Founded in 2011 by Silicon Valley billionaire Peter Thiel, the two-year program offers young entrepreneurs $100,000 to skip or drop out of college to pursue their dreams. The Fellowship said it does not take any ownership stake in the projects.
Proud was the first fellow to exit a company, selling in 2012 Giglocator, a concert-tracking website he started when he was 17.
He subsequently founded Hello, originally with a vision of making a better activity-tracker, which turned to the sleep space. In 2014, Hello launched a Kickstarter campaign with a goal of $100,000 — and made $2.4 million in a month.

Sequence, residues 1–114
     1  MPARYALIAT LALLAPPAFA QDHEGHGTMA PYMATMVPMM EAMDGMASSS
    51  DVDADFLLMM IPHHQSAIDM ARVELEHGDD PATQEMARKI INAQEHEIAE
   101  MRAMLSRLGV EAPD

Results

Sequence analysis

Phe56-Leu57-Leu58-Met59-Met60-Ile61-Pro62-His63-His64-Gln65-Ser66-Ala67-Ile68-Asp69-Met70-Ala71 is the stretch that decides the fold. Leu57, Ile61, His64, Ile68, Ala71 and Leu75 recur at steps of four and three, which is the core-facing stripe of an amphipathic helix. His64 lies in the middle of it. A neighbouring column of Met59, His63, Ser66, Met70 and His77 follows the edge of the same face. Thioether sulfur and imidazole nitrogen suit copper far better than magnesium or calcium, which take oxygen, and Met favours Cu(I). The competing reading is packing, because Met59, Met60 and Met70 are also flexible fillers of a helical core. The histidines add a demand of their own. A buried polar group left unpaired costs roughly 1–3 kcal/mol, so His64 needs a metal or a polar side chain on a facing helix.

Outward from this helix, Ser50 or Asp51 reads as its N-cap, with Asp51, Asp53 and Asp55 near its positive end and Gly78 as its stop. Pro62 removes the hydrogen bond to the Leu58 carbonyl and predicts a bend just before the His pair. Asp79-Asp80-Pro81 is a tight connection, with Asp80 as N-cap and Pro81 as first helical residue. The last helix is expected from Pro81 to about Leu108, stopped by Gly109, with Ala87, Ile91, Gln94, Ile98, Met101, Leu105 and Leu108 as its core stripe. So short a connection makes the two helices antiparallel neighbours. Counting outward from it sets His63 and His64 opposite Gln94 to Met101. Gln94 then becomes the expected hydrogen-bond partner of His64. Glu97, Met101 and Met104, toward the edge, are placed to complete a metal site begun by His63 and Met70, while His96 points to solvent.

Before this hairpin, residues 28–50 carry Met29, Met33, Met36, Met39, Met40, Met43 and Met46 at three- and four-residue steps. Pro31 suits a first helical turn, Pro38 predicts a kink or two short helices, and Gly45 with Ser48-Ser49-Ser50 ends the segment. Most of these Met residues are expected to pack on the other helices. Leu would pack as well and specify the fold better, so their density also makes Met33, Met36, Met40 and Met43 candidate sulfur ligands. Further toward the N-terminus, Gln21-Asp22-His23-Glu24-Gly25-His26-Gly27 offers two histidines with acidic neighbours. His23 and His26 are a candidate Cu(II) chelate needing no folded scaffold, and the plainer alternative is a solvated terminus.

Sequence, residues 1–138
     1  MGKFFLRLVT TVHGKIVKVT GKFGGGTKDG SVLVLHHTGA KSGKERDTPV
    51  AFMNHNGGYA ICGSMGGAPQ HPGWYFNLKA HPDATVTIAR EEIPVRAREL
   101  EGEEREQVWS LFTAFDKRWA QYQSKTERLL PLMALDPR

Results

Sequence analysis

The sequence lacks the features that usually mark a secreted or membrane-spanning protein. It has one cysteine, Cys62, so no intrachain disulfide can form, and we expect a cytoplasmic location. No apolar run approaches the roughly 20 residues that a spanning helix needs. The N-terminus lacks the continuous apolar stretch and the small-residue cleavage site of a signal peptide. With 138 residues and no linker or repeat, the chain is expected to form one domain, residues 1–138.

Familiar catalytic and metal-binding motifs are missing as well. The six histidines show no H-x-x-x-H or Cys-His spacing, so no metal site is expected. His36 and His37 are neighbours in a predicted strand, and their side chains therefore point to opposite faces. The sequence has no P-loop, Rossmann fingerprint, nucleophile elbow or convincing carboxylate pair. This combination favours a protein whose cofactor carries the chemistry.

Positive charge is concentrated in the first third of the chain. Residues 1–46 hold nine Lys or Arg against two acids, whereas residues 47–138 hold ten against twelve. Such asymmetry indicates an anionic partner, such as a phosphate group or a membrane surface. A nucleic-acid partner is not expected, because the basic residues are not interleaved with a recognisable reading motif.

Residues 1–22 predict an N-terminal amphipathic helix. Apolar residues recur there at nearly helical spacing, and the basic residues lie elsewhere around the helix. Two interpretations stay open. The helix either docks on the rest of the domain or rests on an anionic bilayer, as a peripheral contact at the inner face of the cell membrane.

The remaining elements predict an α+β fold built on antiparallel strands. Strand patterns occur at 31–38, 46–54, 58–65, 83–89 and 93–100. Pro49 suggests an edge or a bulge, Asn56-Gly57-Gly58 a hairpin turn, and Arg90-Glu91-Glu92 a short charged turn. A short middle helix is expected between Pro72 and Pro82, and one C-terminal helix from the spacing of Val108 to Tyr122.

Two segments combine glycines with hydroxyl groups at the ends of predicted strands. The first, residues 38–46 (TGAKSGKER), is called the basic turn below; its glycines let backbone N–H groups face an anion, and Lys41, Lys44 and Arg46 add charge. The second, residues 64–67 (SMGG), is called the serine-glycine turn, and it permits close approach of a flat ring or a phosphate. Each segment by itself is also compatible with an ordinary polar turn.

The Forbes profile said Proud has since raised about $40 million for his startup, which has an estimated $250 million valuation. He owns about half of Hello.
In the bigger picture, Proud told CNBC he sees his products helping people live healthier and more productive lifestyles.
With all the talk about how to make health-care less expensive, he said, "I think there's a huge conversation being missed around preventative" medicine, he argued. "It's a lot cheaper to prevent being sick."